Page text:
Trichogramma pretiosum - Ideal for moth control on short crops: LOW FLYER.

tiptopbio

Case Count: 6

Target Pests: 
Over 150 pest moth species. Including; Armyworms, Borers, Codling Moth, Cutworms, European Corn Borer, Fruit Worms, Leaf Worms, Leaf Rollers, Loopers and other species. 

Description:
Trichogramma are pale-yellow micro-wasps, 1/100 inch long, smaller than a pinhead. They drill through moth eggs to deposit 1 to 3 of their own eggs, depending on moth egg size. Trichogramma prevents worms/caterpillars from hatching out and destroying crops. Put out the Trichogramma when you see the first flight of moths (whose caterpillars cause damage to plants), and every 7-10 days thereafter, until infestation subsides.
We offer 3 different species of Trichogramma.
Trichogramma brassicae: Ideal for control on cole/cold crops & ornamentals. (EI: European corn borer.)
Trichogramma platneri/minutem: Ideal for control on tall crops. High Flyers.
Trichogramma pretiosum: Ideal for control on short crops. Low Flyers.

Product Information:
Trichogramma are shipped on cards that look like sandpaper; each square on the card contains 3,000-5,000 Trichogramma eggs, depending on the species ordered. Cut the Trichogramma card into 30 hang able tabs, and hang tabs on or near the plants to be protected. Each unit, or tab, has a built-in hook that fits over a 1/4-inch stem. Card stock is black to optimize emergence. Keep cards out of direct sunlight. Aerial application is possible for large acreages. Keep the cards in a warm, humid place, out of direct sunlight, until the emerging adults can be seen as small dots moving around in the closed container. A few tiny caterpillars may also be found in the container because it is very difficult to obtain 100% parasitization of the moth eggs, but these are harmless in most crops. Trichogramma are shipped as pupae ready to emerge as adults, usually glued to perforated cards.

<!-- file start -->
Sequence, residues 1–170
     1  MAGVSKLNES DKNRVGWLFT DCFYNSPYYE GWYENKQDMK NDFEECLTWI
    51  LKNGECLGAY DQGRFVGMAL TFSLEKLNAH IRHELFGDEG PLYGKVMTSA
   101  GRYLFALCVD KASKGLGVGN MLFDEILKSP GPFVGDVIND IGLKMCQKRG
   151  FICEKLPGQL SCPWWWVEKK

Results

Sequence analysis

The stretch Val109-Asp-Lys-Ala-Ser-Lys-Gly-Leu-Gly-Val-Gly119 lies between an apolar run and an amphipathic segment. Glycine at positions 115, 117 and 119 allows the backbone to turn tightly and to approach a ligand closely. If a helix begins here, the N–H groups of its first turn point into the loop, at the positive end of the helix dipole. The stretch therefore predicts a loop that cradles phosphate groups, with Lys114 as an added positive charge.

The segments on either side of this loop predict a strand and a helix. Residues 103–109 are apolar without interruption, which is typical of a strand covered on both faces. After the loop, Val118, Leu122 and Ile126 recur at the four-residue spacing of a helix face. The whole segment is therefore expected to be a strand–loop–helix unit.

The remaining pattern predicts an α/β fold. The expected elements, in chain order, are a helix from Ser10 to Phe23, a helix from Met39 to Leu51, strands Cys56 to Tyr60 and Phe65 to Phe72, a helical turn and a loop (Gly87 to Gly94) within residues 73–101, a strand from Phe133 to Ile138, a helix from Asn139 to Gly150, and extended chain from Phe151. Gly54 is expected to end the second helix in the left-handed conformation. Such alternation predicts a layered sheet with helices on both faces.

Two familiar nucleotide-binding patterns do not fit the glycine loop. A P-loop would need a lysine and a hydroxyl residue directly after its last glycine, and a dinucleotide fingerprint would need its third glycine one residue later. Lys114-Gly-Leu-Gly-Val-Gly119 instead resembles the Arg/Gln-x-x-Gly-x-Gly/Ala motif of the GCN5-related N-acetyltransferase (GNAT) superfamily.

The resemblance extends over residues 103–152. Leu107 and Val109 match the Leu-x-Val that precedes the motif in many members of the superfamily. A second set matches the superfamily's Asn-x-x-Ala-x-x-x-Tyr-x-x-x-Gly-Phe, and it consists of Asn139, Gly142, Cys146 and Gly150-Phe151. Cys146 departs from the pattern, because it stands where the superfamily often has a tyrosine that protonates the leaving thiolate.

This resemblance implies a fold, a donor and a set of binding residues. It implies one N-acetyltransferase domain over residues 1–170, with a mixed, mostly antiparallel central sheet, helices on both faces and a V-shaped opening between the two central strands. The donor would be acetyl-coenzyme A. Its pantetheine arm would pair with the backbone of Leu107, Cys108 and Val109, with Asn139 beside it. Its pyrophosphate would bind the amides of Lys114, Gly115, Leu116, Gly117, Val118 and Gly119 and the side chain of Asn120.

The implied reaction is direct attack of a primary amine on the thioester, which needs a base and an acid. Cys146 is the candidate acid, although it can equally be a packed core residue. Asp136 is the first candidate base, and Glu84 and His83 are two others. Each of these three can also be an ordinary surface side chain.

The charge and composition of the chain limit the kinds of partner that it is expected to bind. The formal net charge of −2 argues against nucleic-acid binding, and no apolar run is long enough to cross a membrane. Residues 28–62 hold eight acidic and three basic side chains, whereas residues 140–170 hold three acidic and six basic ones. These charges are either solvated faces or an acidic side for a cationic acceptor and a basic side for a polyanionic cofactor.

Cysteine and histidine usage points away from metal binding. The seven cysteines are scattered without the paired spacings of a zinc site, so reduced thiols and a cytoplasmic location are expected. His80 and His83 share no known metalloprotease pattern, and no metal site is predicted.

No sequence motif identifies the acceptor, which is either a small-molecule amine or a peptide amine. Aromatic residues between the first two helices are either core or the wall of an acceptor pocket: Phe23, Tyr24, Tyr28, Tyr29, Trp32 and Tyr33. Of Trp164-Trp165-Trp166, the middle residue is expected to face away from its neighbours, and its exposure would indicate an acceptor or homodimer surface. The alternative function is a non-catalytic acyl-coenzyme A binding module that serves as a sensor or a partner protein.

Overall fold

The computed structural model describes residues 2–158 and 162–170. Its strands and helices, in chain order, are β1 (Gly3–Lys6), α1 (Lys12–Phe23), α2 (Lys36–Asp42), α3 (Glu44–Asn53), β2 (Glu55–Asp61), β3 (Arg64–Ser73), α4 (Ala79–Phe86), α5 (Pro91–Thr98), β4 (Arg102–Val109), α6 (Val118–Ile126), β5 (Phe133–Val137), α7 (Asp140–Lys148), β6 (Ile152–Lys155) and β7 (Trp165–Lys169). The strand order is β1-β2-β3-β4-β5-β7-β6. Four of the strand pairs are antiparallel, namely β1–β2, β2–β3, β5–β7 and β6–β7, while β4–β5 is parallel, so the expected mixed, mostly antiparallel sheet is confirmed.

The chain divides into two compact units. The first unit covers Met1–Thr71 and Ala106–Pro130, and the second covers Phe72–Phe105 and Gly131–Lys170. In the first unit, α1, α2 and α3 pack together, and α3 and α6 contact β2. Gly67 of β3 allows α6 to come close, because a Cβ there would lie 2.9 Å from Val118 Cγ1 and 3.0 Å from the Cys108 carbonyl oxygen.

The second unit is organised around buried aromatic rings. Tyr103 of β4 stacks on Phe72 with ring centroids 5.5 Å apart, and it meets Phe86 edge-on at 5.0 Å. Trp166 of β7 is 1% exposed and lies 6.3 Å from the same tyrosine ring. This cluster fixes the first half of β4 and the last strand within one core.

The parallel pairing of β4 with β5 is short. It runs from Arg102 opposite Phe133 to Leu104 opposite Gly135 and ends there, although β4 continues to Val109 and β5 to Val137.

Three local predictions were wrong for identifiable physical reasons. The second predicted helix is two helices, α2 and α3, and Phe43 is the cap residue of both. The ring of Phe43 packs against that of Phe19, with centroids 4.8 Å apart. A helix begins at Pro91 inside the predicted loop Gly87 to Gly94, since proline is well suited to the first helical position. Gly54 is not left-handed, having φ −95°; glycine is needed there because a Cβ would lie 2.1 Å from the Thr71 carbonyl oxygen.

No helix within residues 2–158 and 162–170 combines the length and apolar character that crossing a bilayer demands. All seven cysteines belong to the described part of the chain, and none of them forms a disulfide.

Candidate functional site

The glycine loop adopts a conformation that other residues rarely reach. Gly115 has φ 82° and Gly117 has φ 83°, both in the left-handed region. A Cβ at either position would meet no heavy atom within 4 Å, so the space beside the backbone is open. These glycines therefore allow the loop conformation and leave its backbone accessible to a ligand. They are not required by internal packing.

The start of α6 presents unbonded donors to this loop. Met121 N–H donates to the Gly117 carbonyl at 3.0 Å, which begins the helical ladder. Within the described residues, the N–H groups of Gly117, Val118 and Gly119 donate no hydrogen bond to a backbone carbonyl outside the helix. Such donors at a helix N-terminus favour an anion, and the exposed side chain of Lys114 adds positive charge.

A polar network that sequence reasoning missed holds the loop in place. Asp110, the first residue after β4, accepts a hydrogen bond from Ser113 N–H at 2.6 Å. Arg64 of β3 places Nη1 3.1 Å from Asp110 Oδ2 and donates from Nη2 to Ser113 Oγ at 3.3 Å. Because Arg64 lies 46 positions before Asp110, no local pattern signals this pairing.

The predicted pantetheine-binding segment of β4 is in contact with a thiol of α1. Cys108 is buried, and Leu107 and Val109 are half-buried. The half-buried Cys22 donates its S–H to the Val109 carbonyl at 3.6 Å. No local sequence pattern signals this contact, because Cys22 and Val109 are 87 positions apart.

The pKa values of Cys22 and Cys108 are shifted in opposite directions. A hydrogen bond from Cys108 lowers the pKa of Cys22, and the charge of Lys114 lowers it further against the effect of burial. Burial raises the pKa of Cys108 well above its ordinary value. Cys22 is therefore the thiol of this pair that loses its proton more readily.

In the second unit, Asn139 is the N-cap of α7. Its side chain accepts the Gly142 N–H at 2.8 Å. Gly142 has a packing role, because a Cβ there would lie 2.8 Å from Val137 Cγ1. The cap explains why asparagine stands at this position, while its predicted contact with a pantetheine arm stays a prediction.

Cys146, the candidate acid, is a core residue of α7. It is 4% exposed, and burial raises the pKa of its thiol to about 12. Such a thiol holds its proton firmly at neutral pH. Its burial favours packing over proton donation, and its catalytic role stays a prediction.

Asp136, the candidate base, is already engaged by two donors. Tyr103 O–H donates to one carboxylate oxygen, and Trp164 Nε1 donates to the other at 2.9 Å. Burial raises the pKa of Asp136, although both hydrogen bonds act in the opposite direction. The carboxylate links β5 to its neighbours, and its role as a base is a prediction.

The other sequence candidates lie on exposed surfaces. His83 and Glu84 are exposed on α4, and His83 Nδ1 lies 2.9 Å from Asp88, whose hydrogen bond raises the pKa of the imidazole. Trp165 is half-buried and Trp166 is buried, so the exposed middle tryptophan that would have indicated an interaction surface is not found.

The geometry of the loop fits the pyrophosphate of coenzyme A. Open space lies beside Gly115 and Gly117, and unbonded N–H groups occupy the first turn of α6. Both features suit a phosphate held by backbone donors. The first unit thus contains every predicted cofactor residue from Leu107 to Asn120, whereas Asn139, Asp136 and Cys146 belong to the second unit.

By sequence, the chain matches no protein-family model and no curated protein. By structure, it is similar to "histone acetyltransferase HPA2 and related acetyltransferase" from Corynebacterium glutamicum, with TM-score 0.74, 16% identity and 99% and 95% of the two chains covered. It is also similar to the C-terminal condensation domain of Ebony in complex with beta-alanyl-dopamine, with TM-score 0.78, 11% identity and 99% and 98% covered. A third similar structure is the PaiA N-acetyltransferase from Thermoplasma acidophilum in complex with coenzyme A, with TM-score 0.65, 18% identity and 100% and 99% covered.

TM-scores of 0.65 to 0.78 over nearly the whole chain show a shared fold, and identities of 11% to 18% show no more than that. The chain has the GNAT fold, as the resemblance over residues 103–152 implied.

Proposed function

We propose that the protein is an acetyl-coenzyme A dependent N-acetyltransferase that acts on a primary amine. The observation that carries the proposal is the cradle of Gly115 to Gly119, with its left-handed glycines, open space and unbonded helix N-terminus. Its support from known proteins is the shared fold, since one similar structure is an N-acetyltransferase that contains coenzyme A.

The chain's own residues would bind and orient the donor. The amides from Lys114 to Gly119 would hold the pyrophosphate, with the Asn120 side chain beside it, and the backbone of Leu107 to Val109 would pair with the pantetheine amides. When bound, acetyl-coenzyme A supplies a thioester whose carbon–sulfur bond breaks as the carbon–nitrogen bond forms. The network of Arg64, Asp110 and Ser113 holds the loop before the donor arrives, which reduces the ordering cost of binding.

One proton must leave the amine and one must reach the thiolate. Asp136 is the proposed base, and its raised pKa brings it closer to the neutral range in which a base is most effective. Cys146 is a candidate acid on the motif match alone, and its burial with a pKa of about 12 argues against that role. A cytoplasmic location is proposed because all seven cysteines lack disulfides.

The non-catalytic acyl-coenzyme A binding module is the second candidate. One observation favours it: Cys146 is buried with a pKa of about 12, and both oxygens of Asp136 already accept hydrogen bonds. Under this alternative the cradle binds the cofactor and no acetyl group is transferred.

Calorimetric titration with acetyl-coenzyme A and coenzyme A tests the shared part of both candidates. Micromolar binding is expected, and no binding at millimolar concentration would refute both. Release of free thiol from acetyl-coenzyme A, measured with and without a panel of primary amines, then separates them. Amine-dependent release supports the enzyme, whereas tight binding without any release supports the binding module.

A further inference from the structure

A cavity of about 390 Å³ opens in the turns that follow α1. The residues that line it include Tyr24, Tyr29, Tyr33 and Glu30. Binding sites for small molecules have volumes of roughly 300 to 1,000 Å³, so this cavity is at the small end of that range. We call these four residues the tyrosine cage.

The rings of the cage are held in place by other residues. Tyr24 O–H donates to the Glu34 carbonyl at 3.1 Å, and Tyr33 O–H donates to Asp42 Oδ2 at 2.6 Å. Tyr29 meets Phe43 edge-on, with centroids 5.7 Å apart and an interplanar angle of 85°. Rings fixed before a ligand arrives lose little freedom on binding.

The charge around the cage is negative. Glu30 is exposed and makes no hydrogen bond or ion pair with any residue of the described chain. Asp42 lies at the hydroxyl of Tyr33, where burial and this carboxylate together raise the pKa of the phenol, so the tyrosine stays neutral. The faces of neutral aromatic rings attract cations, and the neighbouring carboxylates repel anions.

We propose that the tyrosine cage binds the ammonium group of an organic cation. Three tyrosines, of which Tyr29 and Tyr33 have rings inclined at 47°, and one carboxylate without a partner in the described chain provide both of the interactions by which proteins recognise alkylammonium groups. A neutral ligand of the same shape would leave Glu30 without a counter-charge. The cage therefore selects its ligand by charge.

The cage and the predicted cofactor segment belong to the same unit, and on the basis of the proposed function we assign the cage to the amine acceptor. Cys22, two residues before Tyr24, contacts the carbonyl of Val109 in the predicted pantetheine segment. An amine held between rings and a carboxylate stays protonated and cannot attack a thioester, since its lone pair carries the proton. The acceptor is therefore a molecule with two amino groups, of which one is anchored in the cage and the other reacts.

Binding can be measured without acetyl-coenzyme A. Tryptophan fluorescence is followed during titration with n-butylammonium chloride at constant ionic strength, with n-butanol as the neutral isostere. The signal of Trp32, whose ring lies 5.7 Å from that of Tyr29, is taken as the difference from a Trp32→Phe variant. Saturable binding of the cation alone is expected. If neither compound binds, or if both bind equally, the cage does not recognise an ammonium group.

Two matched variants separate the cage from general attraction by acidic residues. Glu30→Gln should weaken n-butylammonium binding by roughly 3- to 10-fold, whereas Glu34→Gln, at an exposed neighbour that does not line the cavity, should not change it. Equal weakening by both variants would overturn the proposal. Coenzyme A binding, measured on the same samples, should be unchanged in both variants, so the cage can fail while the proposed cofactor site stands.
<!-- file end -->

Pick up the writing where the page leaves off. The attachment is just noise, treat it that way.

Release Rates:
100,000 per 43,560 sq.ft. ( per acre) for 2-6 weeks.
When most of the adults have emerged, place the cards in a shaded spot upwind of the areas where moths are suspected, or egg laying is occurring. The adult wasps will fly onto the plants in search of new host eggs to attack. Do not put the cards out before the wasps have emerged.

Strategic Considerations: 
The best time to release is early morning or evening when direct sunlight will not hit the cards. Avoid making releases
under extremely hot, cold, rainy, or windy conditions.